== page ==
13. Grossman, Herschel I, 1991. "A General Equilibrium Model of Insurrections," American Economic Review, American Economic Association, vol. 81(4), pages 912-21, September.
  14. Massimo Morelli & Dominic Rohner, 2010. "Natural Resource Distribution and Multiple Forms of Civil War," HiCN Working Papers 80, Households in Conflict Network.
  15. Markus Brückner & Antonio Ciccone, 2009. "International Commodity Prices, Growth, and the Outbreak of Civil War in Sub-Saharan Africa," Working Papers 2009-37, FEDEA.
  16. Jos� G. Montalvo & Marta Reynal-Querol, 2005. "Ethnic Polarization, Potential Conflict, and Civil Wars," American Economic Review, American Economic Association, vol. 95(3), pages 796-816, June.
  17. Christopher Blattman & Edward Miguel, 2009. "Civil War," NBER Working Papers 14801, National Bureau of Economic Research, Inc.
  18. Beck, Nathaniel & Katz, Jonathan N., . "Modeling dynamics in time-series-cross-section political economy data," Working Papers 1304, California Institute of Technology, Division of the Humanities and Social Sciences.
  19. Oeindrila Dube & Juan F. Vargas, 2013. "Commodity Price Shocks and Civil Conflict: Evidence from Colombia," Review of Economic Studies, Oxford University Press, vol. 80(4), pages 1384-1421.
  20. Nickell, Stephen J, 1981. "Biases in Dynamic Models with Fixed Effects," Econometrica, Econometric Society, vol. 49(6), pages 1417-26, November.
  21. Joan Esteban & Debraj Ray, 2008. "On the Salience of Ethnic Conflict," American Economic Review, American Economic Association, vol. 98(5), pages 2185-2202, December.
  22. Daron Acemoglu & James A. Robinson, 2001. "A Theory of Political Transitions," American Economic Review, American Economic Association, vol. 91(4), pages 938-963, September.
  23. Ghoshray, Atanu, 2011. "A reexamination of trends in primary commodity prices," Journal of Development Economics, Elsevier, vol. 95(2), pages 242-251, July.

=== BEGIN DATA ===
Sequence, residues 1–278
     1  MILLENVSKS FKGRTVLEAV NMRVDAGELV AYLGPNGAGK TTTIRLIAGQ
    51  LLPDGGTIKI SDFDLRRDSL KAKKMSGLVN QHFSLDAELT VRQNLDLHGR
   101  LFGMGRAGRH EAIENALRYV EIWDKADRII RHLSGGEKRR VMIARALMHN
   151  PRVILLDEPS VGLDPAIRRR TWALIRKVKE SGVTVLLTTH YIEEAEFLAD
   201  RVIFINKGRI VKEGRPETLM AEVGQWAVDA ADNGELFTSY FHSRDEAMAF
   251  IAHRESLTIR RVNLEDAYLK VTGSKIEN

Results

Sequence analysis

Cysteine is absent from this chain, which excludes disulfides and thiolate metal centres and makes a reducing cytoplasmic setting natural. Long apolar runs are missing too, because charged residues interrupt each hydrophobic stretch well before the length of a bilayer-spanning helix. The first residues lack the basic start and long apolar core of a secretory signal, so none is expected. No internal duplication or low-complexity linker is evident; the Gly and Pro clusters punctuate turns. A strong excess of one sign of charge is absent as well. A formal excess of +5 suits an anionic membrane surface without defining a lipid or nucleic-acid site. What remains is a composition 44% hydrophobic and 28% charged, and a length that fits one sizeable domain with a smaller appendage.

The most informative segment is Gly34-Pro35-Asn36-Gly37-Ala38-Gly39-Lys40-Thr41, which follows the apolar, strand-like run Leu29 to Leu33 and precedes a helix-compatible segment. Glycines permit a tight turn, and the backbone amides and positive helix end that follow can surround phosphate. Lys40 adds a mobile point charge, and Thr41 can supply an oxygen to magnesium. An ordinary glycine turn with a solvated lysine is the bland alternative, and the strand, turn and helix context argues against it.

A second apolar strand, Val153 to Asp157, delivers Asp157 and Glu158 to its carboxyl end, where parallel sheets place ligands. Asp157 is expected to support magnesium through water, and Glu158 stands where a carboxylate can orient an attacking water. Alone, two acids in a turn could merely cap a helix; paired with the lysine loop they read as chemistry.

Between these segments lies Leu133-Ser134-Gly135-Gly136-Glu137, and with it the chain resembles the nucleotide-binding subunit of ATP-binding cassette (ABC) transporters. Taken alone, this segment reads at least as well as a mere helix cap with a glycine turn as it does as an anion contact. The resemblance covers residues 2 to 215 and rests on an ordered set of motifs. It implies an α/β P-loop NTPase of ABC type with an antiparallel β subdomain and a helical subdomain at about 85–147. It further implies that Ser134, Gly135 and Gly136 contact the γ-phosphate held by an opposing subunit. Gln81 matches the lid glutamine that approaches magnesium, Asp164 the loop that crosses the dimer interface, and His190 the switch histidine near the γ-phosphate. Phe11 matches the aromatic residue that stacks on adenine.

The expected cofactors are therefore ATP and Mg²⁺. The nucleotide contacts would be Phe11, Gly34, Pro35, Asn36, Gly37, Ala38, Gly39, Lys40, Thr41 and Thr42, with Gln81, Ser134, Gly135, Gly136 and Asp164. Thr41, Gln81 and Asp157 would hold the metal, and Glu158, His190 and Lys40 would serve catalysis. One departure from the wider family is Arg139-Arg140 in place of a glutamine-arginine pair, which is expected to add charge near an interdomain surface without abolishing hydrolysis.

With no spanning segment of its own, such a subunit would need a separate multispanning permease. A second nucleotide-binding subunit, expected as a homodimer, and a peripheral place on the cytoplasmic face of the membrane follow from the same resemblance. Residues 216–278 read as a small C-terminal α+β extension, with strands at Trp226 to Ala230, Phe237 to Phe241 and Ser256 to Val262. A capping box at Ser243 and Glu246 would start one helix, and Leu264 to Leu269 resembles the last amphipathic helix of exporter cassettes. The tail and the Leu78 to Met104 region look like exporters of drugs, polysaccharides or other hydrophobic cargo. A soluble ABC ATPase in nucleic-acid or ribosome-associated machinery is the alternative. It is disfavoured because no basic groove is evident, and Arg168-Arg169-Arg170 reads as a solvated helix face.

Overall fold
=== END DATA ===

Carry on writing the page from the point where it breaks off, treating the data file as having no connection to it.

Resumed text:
24. Ehrlich, Isaac, 1973. "Participation in Illegitimate Activities: A Theoretical and Empirical Investigation," Journal of Political Economy, University of Chicago Press, vol. 81(3), pages 521-65, May-June.
  25. José Garcia Montalvo & Marta Reynal-Querol, 2004. "Ethnic polarization, potential conflict and civil wars," Economics Working Papers 770, Department of Economics and Business, Universitat Pompeu Fabra, revised Mar 2005.
  26. Edward Miguel & Shanker Satyanath & Ernest Sergenti, 2004. "Economic Shocks and Civil Conflict: An Instrumental Variables Approach," Journal of Political Economy, University of Chicago Press, vol. 112(4), pages 725-753, August.
Full references (including those not matched with items on IDEAS)

This item is not listed on Wikipedia, on a reading list or among the top items on IDEAS.

When requesting a correction, please mention this item's handle: RePEc:cgd:wpaper:274. See general information about how to correct material in RePEc.

For technical questions regarding this item, or to correct its authors, title, abstract, bibliographic or download information, contact: (David Roodman)

The email address of this maintainer does not seem to be valid anymore. Please ask David Roodman to update the entry or send us the correct address

If you have authored this item and are not yet registered with RePEc, we encourage you to do it here. This allows to link your profile to this item. It also allows you to accept potential citations to this item that we are uncertain about.

If references are entirely missing, you can add them using this form.

If the full references list an item that is present in RePEc, but the system did not link to it, you can help with this form.

If you know of missing items citing this one, you can help us creating those links by adding the relevant references in the same way as above, for each refering item. If you are a registered author of this item, you may also want to check the "citations" tab in your profile, as there may be some citations waiting for confirmation.

Please note that corrections may take a couple of weeks to filter through the various RePEc services.

This information is provided to you by IDEAS at the Research Division of the Federal Reserve Bank of St. Louis using RePEc data.